Indonesia, Australia launch UN-backed $30m forest CO2 project REDD

Indonesia and Australia have launched a A$30m project to fight deforestation in Sumatra as part of efforts to cut greenhouse gas emissions and boost a planned forest-carbon trading scheme.

The project, to target Sumatra’s Jambi province that has suffered rapid deforestation, is the second joint venture between the neighbouring countries keen to learn how to save forests by giving local communities incentives to keep the trees standing.

Indonesia, like Brazil, is on the front line of efforts to curb deforestation that is a major contributor to mankind’s greenhouse gas emissions that scientists blame for heating up the planet.

Australia and Indonesia are major supporters of a UN- backed scheme that could potentially channel billions of dollars to developing nations that preserve and enhance their forests.

Called reducing emissions from deforestation and degradation (REDD), developing countries would earn money from carbon credits sourced from forest preservation projects by selling them to rich nations that must meet mandated emission reduction targets.

The UN hopes the scheme will start from 2013 as part of a broader climate pact to succeed the existing Kyoto Protocol.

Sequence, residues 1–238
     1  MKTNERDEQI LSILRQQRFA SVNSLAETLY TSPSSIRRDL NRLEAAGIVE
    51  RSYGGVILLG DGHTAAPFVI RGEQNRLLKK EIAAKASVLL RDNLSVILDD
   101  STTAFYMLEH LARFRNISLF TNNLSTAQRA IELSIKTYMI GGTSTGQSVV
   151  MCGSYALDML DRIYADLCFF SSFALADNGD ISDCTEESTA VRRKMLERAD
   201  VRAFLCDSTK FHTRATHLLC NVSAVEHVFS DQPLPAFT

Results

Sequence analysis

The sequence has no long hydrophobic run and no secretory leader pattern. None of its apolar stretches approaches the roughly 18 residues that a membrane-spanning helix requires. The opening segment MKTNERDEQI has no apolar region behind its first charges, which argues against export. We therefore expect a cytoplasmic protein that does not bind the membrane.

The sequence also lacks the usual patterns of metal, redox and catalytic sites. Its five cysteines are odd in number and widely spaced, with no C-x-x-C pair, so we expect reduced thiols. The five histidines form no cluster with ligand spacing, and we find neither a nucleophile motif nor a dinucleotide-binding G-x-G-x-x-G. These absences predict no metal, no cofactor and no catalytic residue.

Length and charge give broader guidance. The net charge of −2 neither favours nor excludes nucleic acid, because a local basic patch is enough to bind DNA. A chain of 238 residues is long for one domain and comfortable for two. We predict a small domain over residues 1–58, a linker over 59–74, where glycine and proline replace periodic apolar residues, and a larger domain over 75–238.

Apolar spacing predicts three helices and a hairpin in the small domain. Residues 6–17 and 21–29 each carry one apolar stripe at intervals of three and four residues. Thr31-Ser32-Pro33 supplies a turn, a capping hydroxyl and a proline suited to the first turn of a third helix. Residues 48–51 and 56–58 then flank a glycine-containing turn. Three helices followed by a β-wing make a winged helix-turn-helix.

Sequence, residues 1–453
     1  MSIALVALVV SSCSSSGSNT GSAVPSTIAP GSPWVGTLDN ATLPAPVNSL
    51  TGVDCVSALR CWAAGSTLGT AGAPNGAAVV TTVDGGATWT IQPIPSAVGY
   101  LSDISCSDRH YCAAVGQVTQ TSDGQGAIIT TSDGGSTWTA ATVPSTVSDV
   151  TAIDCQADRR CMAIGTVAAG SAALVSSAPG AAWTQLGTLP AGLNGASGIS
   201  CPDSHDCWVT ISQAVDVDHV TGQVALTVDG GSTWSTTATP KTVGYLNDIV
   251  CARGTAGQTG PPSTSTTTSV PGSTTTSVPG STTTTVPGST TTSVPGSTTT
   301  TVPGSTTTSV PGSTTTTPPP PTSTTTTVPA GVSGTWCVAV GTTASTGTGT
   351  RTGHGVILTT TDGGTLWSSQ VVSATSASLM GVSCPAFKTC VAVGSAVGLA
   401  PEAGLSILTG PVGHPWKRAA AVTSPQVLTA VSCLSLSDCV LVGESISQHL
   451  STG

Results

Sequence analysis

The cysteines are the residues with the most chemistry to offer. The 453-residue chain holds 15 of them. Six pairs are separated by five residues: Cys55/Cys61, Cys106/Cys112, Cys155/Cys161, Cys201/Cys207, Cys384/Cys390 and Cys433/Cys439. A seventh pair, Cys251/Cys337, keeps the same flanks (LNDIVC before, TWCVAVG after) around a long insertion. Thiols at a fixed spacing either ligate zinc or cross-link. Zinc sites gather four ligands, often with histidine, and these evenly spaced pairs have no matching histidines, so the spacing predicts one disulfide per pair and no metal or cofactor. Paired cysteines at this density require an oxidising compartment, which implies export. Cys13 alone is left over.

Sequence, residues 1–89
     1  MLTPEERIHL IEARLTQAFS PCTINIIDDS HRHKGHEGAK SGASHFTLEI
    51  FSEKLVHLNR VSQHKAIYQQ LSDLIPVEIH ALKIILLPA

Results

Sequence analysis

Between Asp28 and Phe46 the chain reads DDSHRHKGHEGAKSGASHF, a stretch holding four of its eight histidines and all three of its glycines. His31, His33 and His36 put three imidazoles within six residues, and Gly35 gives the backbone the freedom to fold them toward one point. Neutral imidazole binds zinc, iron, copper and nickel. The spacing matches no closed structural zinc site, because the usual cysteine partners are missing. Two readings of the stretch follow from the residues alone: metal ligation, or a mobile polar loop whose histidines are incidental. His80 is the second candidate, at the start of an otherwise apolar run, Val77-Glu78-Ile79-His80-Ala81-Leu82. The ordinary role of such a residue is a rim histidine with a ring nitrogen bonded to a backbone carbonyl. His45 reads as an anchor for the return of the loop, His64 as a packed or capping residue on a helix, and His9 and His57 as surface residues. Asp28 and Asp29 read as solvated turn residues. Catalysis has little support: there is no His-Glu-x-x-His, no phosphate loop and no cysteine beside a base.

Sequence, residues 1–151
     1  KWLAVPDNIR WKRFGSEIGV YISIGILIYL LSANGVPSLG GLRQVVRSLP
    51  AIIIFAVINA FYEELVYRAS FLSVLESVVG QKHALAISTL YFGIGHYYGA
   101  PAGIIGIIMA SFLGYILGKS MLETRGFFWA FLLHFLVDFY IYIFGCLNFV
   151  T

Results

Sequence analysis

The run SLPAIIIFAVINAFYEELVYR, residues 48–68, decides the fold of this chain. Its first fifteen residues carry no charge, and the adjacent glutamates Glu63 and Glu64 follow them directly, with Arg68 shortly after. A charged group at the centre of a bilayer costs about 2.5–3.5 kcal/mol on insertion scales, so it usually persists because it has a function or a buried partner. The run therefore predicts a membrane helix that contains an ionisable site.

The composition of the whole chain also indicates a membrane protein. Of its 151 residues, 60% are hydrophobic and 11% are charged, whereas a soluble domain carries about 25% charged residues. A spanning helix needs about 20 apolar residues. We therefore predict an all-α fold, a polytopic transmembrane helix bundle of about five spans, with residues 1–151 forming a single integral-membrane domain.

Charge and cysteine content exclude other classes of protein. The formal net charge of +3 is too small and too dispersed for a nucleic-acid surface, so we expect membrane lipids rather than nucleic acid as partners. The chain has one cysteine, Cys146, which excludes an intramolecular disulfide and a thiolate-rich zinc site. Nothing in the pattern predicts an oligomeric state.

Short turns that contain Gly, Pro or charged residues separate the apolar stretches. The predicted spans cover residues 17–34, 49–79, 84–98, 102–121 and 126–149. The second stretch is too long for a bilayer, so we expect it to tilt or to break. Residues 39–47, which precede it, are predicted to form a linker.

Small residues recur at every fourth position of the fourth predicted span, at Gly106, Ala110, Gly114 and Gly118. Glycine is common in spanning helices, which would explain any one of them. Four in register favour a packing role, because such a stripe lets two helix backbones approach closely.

Under the Sumatra Forest Carbon Partnership, the money will be used to develop a project that will address the causes of deforestation in Jambi and to help rehabilitate deforested or degraded land.

Jambi, covering an area larger than the Netherlands, has lost more than two-thirds of its forests to illegal loggers, slash-and-burn farming as well as palm oil and pulp plantations. Fires are common, releasing large amounts of greenhouse gases.

According to a statement from Australian Climate Change Minister Penny Wong, officials have yet to pin-point the exact location for the project but it is likely to cover a variety of forest concession types.

Central design themes will be developing alternative livelihood and incentive payment schemes for local communities, such as switching to different cash crops, to drive long-term efforts to keep trees standing.

The project comes after Indonesia and Australia launched a related scheme in 2008 to rehabilitate 100,000 ha (250,000 acres) of carbon-rich peat land in Central Kalimantan on Borneo island.

Half the area has been cleared and half is still forested but under threat unless alternative livelihoods are found for the 20,000 people living in and around the project area. Australia has pledged A$30 million to fund this project until 2012.

The Kalimantan and Sumatra projects are designed to help Indonesia and Australia learn how to design REDD programmes to prepare for future international trading of forest carbon offsets. Each offset would represent a tonne of CO2-equivalent saved from being emitted.

REDD itself is complicated because projects must prove they are reducing emissions over time, preserve and enhance an area of forest or lead to it being replanted, ensure deforestation isn’t driven off to another area and rewards local communities.

A major concern, though, is that Indonesian President Susilo Bambang Yudhoyono has signed a decree allowing mining, power plants and other development in protected forests if the projects are deemed strategically important.


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